The coronavirus crisis has been very good for Winston Peters.
He came back from his Northland lockdown firing on all cylinders. If you wanted confirmation that this is an election year, there it was.
Perhaps he needed that spell of seclusion to recuperate from the bruising effects of a court case that blew up in his face and a donations scandal that refuses to go away.
Whatever the explanation, the Great Tuatara was quick to re-assert himself on the political stage. The Covid-19 pandemic enabled him to present himself as statesmanlike in his role as Minister of Foreign Affairs and made him look good as the saviour of New Zealanders trapped overseas and desperate to come home.
It also allowed him to promote himself as a Man of the People by disclosing that health officials had been rebuffed when they advised the government to close our borders, which would have left those travellers stranded.
It was inconceivable, Peters declared, “that we [would] ever turn our backs on our own”. He was thus able to parade as a patriot who stood firm against flint-hearted bureaucrats.
Normally such advice to Cabinet is kept confidential, but Peters went public. Did he do so in the hope that his own image, as the minister whose officials had successfully argued against the health advice, would be enhanced? Perish the thought. And shame on anyone cynical enough to suspect that Peters spoke out because he was feeling aggrieved that Jacinda Ardern was sucking up all the political oxygen and leaving none for him.
The virus scare also gave Peters an opportunity to unleash his inner Muldoonist by railing against globalisation and promoting protectionism – all of which might have sounded appealing to anyone not old enough to remember what New Zealand was like when everything from shoes to cars was shoddily made and overpriced.
He was on equally safe ground advocating a trans-Tasman bubble, calling for greater state control over Air New Zealand and championing Taiwan’s bid, over China’s objections, for observer status at the World Health Organisation. All three moves played to populist sentiment.
Not only would Peters have been confident that the public would back his support for plucky little Taiwan, since China is seen as the nasty bully standing in the Naughty Corner, but it also had the advantage of differentiating his position from that of Ardern, who appeared less keen to buy into the controversy.
No one should be surprised if Peters exploits more such opportunities between now and the September election. Remember, this is a politician with a history of going rogue whenever he perceives the need to distance himself from his coalition partners.
All this couldn’t have happened at a better time for the New Zealand First leader. He’ll be counting on the Covid-19 pandemic to help the public forget a stream of highly damaging disclosures about his party’s dodgy conduct.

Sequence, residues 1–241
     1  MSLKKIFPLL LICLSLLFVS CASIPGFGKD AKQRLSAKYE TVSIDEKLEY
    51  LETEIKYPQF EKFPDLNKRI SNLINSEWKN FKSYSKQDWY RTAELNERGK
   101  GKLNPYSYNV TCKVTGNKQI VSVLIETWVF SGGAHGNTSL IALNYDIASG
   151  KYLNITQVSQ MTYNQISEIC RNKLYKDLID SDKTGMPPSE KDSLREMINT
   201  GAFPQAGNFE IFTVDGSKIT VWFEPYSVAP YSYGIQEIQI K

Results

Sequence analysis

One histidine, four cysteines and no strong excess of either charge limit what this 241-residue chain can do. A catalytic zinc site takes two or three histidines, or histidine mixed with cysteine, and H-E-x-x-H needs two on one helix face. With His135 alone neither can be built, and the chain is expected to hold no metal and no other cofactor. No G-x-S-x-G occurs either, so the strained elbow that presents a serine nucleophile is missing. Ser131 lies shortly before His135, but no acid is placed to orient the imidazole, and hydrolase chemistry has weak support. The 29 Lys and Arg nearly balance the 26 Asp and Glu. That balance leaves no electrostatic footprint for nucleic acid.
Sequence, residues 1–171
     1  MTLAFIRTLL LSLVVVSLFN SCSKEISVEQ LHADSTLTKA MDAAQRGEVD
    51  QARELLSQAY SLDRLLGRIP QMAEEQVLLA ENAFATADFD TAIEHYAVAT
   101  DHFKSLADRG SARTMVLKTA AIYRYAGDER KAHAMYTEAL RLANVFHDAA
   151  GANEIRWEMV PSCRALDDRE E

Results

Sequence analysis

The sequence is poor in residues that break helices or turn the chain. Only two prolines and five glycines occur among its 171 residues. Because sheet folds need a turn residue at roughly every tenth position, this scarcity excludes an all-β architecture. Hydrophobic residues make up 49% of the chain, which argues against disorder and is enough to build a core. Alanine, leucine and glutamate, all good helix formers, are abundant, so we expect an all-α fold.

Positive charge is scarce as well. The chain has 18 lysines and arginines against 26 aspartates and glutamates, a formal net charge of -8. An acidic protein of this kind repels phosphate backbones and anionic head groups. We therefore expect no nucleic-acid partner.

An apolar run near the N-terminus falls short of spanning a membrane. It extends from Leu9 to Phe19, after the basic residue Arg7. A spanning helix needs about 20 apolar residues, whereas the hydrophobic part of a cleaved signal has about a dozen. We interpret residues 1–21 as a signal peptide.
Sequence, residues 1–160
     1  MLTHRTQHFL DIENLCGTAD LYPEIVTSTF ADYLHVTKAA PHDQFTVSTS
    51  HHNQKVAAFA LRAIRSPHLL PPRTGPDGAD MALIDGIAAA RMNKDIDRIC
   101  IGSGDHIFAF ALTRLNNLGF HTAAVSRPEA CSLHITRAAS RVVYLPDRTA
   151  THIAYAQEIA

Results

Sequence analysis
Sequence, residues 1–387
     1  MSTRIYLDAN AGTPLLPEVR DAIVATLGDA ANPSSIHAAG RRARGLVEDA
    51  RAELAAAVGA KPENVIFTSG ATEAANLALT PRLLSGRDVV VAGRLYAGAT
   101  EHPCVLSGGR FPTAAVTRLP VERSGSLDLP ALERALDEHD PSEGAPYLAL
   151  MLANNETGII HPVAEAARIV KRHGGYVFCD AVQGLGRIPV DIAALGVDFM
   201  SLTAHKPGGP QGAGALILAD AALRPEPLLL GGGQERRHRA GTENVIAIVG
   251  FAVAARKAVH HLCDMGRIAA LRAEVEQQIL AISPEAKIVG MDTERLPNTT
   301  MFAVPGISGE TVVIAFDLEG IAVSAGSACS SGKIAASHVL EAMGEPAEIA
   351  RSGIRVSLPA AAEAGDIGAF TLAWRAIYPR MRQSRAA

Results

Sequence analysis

Those disclosures related to big donations made to the shadowy foundation that bankrolled the party. The donations, some of them made by ultra-wealthy individuals in fishing, horse racing, property and forestry, are now being investigated by the Serious Fraud Office – a fact that should be included in every news story about New Zealand First, lest voters succumb to amnesia.
Being subject to an SFO investigation doesn’t make the donations illegal, but it’s worth recalling that party president Lester Gray felt so uneasy about the opacity of NZ First's financial affairs that he resigned.
In any case, it’s one thing to pass a legal test and quite another to pass the sniff test, which is how voters decide whether something smells “off”. Going by what's been reported so far, the public is entitled to conclude that the NZ First Foundation was a mechanism for disguising the source of donations to the party, and thus making it hard to determine whether favours were bought.
Then there’s the small matter of the court case in which Peters sued former National Party ministers and top public servants over the leaking of his superannuation overpayment. Remember that? The case he kept quiet about, thus making nonsense of claims that post-election coalition talks in 2017 took place in good faith?
Peters may be hoping the lockdown drama will erase memory of those court proceedings, during which he backed down on his claims that Paula Bennett and Anne Tolley, whom he sued for $450,000, had leaked to embarrass him.
In the end, all the theatrical huffing and puffing came to nothing. The High Court dismissed all of Peters’ claims. But the taxpayers lost too, because the bill is expected to total more than $1 million. That’s a big price to pay for one man’s quest for utu.
Karl du Fresne, a freelance journalist, is the former editor of The Dominion newspaper. He blogs at karldufresne.blogspot.co.nz. First published in The Dominion Post and on Stuff.co.nz.